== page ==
27th April 2018

Scottish Exporters to Benefit from Singapore Policy Change

Scottish exporters are set to benefit from a change to the official requirements of the Singapore authorities relating to UK meat imports.

The Agrifood and Veterinary Authority of Singapore (AVA) has updated its policies and the definition of UK meat products that can be imported into Singapore.

The move follows the announcement several months ago that Scotland had been granted “negligible BSE risk” by the World Organisation for Animal Health (OIE).

Currently, Scotland can only export boneless beef from cattle under 30 months of age to Singapore. This change removes the age limit and additionally, allows bone-in beef and beef offal’s to be exported.

Quality Meat Scotland (QMS), worked with the UK Export Certification Partnership to advocate the change with Defra and AVA.

The announcement was made by Scott Wightman, British High Commissioner to Singapore, at a ‘Food is Great’ reception hosted at his residence this week in front of representatives of the British Food and Drink Industry and their distribution partners in Singapore.

QMS is currently exhibiting at the high profile international Trade Fair, Food and Hotel Asia (FHA), in Singapore, to promote Scotch Beef PGI and Scotch Lamb PGI. The three-day event attracts over 40,000 trade delegates from around the world looking to supply hotels, restaurants and other food outlets.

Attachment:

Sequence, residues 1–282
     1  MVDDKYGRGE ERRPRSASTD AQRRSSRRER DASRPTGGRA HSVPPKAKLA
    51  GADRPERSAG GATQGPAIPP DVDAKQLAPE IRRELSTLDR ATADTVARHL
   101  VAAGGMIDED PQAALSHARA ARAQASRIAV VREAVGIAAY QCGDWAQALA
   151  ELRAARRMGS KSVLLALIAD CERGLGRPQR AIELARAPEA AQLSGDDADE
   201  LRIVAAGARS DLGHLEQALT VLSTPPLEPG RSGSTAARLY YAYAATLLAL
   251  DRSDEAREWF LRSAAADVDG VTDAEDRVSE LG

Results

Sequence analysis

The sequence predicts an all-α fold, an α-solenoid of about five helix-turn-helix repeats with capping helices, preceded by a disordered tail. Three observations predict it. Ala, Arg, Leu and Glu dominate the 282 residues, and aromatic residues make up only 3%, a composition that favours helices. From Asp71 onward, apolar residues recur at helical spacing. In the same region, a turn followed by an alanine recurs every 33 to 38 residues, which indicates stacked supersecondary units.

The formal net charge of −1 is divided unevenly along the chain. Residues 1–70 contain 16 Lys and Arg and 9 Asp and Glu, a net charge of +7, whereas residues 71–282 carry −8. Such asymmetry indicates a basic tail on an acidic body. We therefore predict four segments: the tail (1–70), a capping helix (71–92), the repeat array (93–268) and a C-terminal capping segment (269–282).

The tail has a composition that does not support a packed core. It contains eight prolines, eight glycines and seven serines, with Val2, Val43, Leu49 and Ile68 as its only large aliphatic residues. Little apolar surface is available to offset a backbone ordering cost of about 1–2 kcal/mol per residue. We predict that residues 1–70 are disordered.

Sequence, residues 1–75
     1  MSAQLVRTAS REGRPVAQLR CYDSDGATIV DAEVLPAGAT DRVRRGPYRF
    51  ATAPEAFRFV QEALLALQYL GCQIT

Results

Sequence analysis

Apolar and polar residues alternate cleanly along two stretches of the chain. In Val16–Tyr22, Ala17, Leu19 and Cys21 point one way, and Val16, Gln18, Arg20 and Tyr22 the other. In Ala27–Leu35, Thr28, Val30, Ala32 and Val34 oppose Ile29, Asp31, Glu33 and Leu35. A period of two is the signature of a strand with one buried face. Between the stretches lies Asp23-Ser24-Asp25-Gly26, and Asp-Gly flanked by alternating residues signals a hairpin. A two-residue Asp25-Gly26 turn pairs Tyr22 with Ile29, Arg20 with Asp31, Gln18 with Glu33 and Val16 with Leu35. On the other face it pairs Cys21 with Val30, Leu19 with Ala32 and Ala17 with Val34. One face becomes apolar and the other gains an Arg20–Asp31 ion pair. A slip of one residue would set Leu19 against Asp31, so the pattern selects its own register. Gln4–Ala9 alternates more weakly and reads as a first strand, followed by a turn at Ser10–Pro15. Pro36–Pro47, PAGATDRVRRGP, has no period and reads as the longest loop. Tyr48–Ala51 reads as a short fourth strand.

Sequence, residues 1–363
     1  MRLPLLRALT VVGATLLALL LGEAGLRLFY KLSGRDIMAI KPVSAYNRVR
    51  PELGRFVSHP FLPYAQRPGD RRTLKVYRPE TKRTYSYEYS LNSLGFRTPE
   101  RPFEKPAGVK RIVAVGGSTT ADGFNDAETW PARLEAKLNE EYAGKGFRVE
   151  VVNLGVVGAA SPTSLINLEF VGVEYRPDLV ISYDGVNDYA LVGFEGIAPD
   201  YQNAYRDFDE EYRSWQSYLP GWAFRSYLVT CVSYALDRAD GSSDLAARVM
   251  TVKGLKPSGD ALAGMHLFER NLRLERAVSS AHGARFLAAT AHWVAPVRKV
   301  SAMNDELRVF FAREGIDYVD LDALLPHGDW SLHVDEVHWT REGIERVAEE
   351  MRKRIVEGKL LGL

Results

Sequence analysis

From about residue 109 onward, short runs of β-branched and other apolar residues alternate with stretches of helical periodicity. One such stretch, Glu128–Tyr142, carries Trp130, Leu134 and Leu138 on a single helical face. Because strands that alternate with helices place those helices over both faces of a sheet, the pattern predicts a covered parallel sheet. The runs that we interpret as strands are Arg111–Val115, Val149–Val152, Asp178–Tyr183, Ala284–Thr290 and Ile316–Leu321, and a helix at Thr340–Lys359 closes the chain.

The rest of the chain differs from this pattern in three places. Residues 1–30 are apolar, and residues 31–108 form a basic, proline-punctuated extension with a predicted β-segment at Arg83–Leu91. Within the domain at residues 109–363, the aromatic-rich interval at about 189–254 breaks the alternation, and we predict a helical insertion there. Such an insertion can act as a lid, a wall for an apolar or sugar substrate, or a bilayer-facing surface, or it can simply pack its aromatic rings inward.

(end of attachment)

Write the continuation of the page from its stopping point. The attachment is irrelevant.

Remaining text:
Laurent Vernet, Director of Strategic Engagement with QMS, is attending the show and was delighted with the announcement. He said that the market in Asia offers significant potential for Scotch Beef sales growth in the coming years.

“This is great news for the Scottish red meat industry. There is currently a steady flow of Scotch Beef being exported to Singapore, and we have seen a lot of interest in the product from the premium food service industry at the show this week,” said Mr Vernet.

“The premium price of Scotch Beef faces steep competition from quality meat from other parts of the world. AVA’s decision to accept imports of bone-in beef, beef offal and beef from older animals from Scotland will therefore give our country a strong commercial advantage over other British nations and an excellent opportunity to help boost Scotch Beef sales in this very lucrative market.”

Mr Vernet added: “We are very grateful to the British High Commissioner for his help to facilitate this review within AVA.”

There are currently three processors in Scotland accredited to export beef to Singapore  QMS, added Mr Vernet, will continue to support further Scottish companies interested in this booming market.

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